The second in a series of ILO reports focusing on wage developments, this volume reviews the global and regional wage trends during the years of the economic and financial crisis of 2008 and 2009.
In Part I, the report highlights the slow down in the growth of monthly average wages as well as some short-term fluctuations in the wage share. These changes happened against a backdrop of wage moderation in the years before the crisis and a long-term trend of rising wage inequality since the mid-1990s.
Part II of the report discusses the role of wage policies in times of crisis and recovery. Collective bargaining and minimum wages can help achieve a balanced and equitable recovery by ensuring that working families share in the fruits of future economic growth. At the same time, preventing the purchasing power of low-paid workers from falling can contribute to a faster recovery by sustaining aggregate demand. The report shows that policy strategies and design are crucial to ensure that low-paid workers benefit from union representation and minimum wages, and argues that wage policies must be complemented with carefully crafted in-work benefits and other income transfers.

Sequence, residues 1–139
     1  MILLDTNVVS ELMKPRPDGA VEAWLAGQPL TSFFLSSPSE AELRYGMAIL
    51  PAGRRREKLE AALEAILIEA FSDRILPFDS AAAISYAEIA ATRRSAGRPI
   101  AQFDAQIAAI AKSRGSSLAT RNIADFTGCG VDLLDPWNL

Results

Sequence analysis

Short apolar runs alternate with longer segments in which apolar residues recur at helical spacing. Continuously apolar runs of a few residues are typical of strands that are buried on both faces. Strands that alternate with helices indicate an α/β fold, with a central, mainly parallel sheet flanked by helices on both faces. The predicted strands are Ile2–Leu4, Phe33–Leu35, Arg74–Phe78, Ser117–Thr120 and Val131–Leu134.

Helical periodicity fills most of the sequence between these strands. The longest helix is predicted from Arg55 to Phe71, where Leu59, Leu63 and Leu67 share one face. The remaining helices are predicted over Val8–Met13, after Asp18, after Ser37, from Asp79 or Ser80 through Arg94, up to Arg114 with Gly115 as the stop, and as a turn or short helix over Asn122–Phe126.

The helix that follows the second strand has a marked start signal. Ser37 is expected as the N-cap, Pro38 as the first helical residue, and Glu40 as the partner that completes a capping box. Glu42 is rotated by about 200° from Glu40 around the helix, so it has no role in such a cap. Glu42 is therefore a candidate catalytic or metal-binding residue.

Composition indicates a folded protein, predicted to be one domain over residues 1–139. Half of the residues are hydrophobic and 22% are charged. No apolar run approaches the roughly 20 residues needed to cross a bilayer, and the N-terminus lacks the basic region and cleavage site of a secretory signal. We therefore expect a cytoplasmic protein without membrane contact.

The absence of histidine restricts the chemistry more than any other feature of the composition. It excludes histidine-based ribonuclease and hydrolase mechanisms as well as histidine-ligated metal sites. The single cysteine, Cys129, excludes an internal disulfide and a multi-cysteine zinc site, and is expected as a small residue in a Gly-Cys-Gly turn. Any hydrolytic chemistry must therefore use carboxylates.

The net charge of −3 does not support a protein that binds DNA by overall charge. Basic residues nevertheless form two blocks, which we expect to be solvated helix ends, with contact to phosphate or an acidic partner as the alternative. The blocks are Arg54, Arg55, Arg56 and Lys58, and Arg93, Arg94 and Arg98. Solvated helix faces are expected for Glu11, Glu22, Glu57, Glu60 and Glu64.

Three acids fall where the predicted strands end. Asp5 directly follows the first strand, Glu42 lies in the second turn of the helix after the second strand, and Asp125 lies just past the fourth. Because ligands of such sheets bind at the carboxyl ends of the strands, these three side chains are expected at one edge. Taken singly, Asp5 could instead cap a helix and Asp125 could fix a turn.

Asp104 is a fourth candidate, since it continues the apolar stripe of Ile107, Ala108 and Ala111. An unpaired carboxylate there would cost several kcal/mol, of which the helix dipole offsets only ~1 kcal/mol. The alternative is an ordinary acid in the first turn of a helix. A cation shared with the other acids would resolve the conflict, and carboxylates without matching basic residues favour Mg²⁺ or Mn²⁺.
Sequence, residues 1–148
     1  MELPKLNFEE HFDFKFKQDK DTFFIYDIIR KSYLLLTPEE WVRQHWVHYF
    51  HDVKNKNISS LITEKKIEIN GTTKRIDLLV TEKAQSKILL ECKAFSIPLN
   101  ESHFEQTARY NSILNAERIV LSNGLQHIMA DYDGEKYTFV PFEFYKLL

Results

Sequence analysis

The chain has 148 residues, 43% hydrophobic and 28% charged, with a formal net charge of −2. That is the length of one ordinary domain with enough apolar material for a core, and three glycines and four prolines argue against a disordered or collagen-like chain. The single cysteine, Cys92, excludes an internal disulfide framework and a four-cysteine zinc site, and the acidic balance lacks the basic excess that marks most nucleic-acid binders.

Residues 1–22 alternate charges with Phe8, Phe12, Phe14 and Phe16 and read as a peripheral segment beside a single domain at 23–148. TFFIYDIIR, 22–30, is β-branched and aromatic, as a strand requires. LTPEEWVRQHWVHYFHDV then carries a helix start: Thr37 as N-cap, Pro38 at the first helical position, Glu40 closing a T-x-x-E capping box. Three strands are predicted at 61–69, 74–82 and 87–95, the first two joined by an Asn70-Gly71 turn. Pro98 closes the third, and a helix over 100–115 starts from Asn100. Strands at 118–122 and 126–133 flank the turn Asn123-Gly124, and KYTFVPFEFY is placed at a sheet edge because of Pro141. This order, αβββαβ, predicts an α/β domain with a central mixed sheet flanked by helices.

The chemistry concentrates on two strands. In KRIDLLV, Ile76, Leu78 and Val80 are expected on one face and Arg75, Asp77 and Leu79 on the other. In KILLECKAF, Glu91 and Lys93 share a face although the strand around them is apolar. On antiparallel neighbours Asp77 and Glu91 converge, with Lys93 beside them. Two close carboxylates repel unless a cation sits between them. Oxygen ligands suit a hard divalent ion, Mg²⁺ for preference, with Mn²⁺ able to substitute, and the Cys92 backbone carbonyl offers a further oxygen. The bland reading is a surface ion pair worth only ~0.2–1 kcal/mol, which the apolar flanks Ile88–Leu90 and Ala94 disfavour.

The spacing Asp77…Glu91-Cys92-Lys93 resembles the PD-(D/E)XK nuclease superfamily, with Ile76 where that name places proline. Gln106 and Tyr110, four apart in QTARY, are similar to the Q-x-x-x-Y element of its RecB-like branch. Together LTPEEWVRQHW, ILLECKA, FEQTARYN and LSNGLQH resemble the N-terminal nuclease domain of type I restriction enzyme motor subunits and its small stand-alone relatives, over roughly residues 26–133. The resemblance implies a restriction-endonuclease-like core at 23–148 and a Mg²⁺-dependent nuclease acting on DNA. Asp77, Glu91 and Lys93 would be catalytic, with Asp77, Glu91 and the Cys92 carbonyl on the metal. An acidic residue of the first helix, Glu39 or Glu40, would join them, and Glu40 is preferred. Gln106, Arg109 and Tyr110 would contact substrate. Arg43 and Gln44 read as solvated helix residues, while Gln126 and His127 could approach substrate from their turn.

Part III concludes with a summary of the report and highlights issues that are critical for improving wage policies.